When Doves Cry

I’ve eaten a few doves in my time, and frankly, I wasn’t impressed

By Rob Breeding

Walking to work the other morning I came upon a young dove sitting on a car. It seemed big enough to fly, but instead of flushing, allowed me to come close enough to snap a photo with my phone.

The dove appeared to be of the Eurasian collared variety and had probably fallen out of its nest. Sadly, the chick’s probable destiny was to become cat food. One non-native species eating another, so I suppose the tragedy was an ecologically neutral event.

Doves are amazing birds. Not the squawky, invasive Eurasians so much, but native mourning doves. I was introduced to the bird’s haunting “coo-oo coo coo” call as a kid delivering newspapers on my bicycle. The doves cooed from their perch on transmission lines above the road.

But cat food? I’m afraid so. I’ve eaten a few doves in my time, and frankly, I wasn’t impressed. The birds have a livery taste, to put it mildly. Some years back, when my pal, Uncle Bill, had a bunch of extra dove breasts in the freezer, we lightly poached them and then put the dark meat in the food processor, mixing it with cream, thyme and a touch of cognac. This dove hunter’s pâté was a step up from the traditional version made with chicken livers, but it still tasted like what I imagined was fancied up cat food.

You may like dove, and that’s great, but I think my culinary dismissal of the bird is on solid ground. As evidence I note that in the weeks leading up to the traditional Sept. 1 opener, my news feed was filled with recipes for dove poppers. Popper recipes always include one telling clue: the breasts are wrapped with bacon.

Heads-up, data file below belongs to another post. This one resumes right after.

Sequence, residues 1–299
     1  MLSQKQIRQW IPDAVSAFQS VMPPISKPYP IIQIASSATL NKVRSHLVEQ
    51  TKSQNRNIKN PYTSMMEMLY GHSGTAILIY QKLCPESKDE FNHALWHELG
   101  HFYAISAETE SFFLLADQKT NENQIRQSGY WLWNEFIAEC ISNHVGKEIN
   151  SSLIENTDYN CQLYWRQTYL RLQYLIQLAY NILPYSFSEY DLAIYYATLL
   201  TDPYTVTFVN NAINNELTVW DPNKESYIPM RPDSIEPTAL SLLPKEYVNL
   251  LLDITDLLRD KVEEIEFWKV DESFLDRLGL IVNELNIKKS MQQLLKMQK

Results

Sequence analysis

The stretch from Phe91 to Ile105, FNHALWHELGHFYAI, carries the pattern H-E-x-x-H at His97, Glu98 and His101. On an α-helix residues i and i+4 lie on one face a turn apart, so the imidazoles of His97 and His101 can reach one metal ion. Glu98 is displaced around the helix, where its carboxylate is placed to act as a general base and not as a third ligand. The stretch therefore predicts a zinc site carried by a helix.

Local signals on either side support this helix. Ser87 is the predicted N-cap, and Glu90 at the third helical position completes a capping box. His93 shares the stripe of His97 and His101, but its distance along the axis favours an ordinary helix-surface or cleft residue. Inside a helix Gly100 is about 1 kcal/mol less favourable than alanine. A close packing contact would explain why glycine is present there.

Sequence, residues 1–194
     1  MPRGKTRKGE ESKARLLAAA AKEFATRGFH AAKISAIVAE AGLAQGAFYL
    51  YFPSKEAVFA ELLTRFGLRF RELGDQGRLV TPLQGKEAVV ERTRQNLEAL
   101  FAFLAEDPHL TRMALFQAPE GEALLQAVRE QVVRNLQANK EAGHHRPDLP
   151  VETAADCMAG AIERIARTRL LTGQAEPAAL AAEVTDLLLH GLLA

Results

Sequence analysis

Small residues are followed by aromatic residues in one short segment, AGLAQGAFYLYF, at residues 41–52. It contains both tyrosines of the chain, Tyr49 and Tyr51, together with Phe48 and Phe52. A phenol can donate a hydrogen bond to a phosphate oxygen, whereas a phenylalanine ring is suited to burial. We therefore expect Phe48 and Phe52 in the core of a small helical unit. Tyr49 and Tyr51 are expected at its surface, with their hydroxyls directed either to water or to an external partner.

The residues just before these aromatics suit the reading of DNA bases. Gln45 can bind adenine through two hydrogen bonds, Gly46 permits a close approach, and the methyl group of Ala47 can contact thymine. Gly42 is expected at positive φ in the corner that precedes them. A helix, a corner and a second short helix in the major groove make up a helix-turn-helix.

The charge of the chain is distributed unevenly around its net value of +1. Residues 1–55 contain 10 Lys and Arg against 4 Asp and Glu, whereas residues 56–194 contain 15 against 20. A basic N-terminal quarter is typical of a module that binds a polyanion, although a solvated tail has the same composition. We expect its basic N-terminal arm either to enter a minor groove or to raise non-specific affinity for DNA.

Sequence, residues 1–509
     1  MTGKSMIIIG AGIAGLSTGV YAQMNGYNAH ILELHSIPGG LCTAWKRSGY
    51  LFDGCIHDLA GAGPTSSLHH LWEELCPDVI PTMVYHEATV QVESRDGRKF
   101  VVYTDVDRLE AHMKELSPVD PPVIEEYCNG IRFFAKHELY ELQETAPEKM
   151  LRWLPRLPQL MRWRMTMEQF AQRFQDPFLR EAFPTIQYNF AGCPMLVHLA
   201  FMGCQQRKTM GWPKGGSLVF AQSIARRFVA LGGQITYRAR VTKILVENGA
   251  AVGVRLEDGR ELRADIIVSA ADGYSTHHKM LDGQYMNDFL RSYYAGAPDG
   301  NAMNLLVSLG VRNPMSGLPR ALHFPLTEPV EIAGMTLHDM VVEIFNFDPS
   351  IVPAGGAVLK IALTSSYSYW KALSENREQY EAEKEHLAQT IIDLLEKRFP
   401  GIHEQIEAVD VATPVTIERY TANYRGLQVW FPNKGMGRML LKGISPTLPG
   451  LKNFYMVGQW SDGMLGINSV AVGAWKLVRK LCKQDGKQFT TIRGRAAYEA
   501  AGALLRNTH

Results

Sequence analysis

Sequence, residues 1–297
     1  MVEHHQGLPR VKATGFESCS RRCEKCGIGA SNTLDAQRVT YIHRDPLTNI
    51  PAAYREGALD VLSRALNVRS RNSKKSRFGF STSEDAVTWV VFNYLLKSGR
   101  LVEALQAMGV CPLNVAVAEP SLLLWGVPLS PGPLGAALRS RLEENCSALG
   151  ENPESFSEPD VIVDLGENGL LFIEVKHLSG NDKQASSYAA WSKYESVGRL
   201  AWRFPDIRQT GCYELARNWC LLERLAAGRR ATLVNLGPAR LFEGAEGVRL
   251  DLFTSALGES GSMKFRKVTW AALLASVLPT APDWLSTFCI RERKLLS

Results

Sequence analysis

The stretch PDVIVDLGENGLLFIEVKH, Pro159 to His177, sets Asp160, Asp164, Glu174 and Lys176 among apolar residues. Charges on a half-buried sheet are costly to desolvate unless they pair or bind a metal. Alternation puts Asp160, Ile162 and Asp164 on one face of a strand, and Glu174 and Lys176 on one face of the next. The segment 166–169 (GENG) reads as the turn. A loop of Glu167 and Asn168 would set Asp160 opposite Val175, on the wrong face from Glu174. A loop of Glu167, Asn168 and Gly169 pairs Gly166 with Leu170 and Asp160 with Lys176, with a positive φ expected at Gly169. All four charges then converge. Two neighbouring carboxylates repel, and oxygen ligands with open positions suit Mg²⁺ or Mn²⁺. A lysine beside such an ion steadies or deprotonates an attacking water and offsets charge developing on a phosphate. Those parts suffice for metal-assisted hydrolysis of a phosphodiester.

Bacon is a magic ingredient, usually enlisted so that it’s salty, smokey deliciousness — carried to your taste buds by lip-smacking pork fat — will cover the offending flavors of the items it’s wrapped around.

Like dove breasts.

Those Eurasian doves have been spreading across the northern Rockies for some time. This is an impressively adaptable species. The birds are native to the east Asian tropics, but gained a foothold in Florida after some captive doves escaped in the Bahamas in 1974. The Eurasians made it across the ocean to the mainland and have since spread across the United States, including very untropic-like Montana.

Opening day in Montana is also Sept. 1, but that’s just for the native mourning doves. There’s no season or limit on Eurasians, however, as both the U.S. Fish and Wildlife Service and Montana Fish, Wildlife and Parks do not consider them protected species. You can shoot Eurasians year round, but since they tend to hang out in towns and cities opportunities to hunt them are limited.

The mourning dove season in Montana is brief. Unlike Eurasians, mourning doves are migratory, and once the weather cools, they head south. You only get a week or two of shooting before the weather turns.

I’ve only hunted dove a few times. The most memorable was on a winter evening in the desert near Tucson, Arizona. We set up around what’s referred to in Arizona as a water tank — essentially a shallow dugout and earthen berm in a low-lying drainage where runoff was collected to water cattle.

The tank also watered doves.

In the last hour of shooting light, doves came in waves, swooping in for water. This was shooting unlike the upland bird hunting I’m used to as mourning doves hit speeds up to 55 mph. I killed about 10 birds that day, while emptying five boxes of shells.

By the time I’d eaten my way through the bounty I was done with dove hunting. The shooting was unreal, but my pet cat had to finish off the last of the birds.

Rob Breeding is the editor of www.mthookandbullet.com, which covers outdoor news in Montana.